“The only thing we do know that is new in these times in New York State, is the Black and Hispanic politicians are the ones being wired and sent out to root out corruption among Black and Hispanic officials,” he said in a statement dismissing alarmist rhetoric to describe the Empire State’s corruption controversies. “I would hate to think that as Black and Hispanic leaders who are elected to represent our communities, that we would be targeted to weed out corruption only in our backyards, and that we would be held to a higher standard than the non-Black and Hispanic leaders.”
deja vu all over again
After State Senator John Sampson was arrested for his alleged involvement in a bribery scheme this morning, the lawmaker who replaced Mr. Sampson as the head of the Senate’s Democratic conference, Andrea Stewart-Cousins, acted swiftly by stripping him of rank and privilege.
“These allegations are deeply disturbing,” Ms. Stewart-Cousins said in a statement.
Law & Order
Assemblyman William Boyland Jr. just can’t catch a break.
Mr. Boyland, who was previously charged with soliciting bribes to pay his legal bills in an unrelated corruption trial, was indicted again last March for wire fraud charges stemming from alleged abuse of per diem requests. And he was just charged yet again today.
After a series of New York officials were arrested and charged with corruption last week, Governor Andrew Cuomo says he has the solution–or at least the first step. Accordingly, at press conference earlier this afternoon, Mr. Cuomo unveiled a legislative package aimed at curbing the problem.
“Over the past few days, there have been several charges brought against public officials; they span city and state government,” he began. “And they paint a truly ugly picture of our political landscape. I’d like to say that this is an unprecedented situation, that public corruption is a new problem. But it isn’t and, in many ways, that’s what makes it worse.”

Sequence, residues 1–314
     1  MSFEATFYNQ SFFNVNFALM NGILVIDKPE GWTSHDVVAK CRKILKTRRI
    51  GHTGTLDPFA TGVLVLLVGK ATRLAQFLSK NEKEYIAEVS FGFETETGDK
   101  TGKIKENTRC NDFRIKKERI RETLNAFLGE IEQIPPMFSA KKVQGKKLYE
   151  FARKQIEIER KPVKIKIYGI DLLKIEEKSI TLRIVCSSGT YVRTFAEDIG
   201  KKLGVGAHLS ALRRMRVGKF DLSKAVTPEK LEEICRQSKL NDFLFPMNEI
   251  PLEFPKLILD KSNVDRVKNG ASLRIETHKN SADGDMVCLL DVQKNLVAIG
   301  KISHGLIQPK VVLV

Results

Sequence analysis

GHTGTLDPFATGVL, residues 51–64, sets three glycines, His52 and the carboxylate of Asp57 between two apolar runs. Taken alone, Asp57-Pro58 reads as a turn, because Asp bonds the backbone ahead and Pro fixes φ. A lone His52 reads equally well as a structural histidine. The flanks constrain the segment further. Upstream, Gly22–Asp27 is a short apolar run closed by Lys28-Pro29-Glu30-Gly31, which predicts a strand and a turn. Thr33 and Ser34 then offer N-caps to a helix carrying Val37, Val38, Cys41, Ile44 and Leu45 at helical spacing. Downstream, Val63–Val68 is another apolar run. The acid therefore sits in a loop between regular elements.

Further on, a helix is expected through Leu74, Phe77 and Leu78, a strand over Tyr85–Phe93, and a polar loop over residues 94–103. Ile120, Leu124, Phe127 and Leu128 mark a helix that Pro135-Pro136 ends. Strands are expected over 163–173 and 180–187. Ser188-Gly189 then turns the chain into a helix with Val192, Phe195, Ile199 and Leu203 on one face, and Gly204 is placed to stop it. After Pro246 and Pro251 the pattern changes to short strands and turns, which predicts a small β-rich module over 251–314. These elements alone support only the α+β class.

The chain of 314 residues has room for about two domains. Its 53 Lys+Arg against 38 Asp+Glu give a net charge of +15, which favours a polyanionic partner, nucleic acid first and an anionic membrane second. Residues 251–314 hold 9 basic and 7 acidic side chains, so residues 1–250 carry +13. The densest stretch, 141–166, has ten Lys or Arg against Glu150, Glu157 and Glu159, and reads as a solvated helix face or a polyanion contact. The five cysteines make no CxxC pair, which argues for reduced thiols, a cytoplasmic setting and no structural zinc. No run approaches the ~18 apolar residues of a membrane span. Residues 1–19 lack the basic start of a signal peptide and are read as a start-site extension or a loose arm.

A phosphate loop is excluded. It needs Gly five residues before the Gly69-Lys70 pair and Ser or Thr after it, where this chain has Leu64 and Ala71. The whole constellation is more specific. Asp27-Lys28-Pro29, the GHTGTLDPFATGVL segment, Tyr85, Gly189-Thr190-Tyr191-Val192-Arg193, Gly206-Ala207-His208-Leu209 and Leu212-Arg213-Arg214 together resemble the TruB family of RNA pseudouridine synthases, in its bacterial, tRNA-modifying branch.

Governor Andrew Cuomo is not happy about the barrage of corruption charges hitting various New York lawmakers throughout the week, including State Senator Malcolm Smith, City Councilman Dan Halloran and Assemblyman Eric Stevenson. Accordingly, Mr. Cuomo released a statement this afternoon detailing his disgust.
“The allegations of public corruption by City and State officials revealed this week are appalling,” the governor declared.
As expected, Bronx Assemblyman Nelson Castro, who wore a wire to help indict his colleague, Eric Stevenson, announced his resignation today. Stepping down from office, in addition to cooperating with federal authorities, were steps he took in order to avoid prosecution himself.
“Today I announce that I am resigning my seat in the New York State Assembly, effective Monday, April 8, 2013,” Mr. Castro said in the statement, which can be viewed in full below. “On July 31, 2009, I was indicted by a Bronx County Grand Jury for committing perjury in a 2008 civil matter, held prior to my election to the Assembly. I appreciate the seriousness of my misconduct. Thereafter, I agreed to cooperate with …. various investigations aimed at rooting out public corruption.”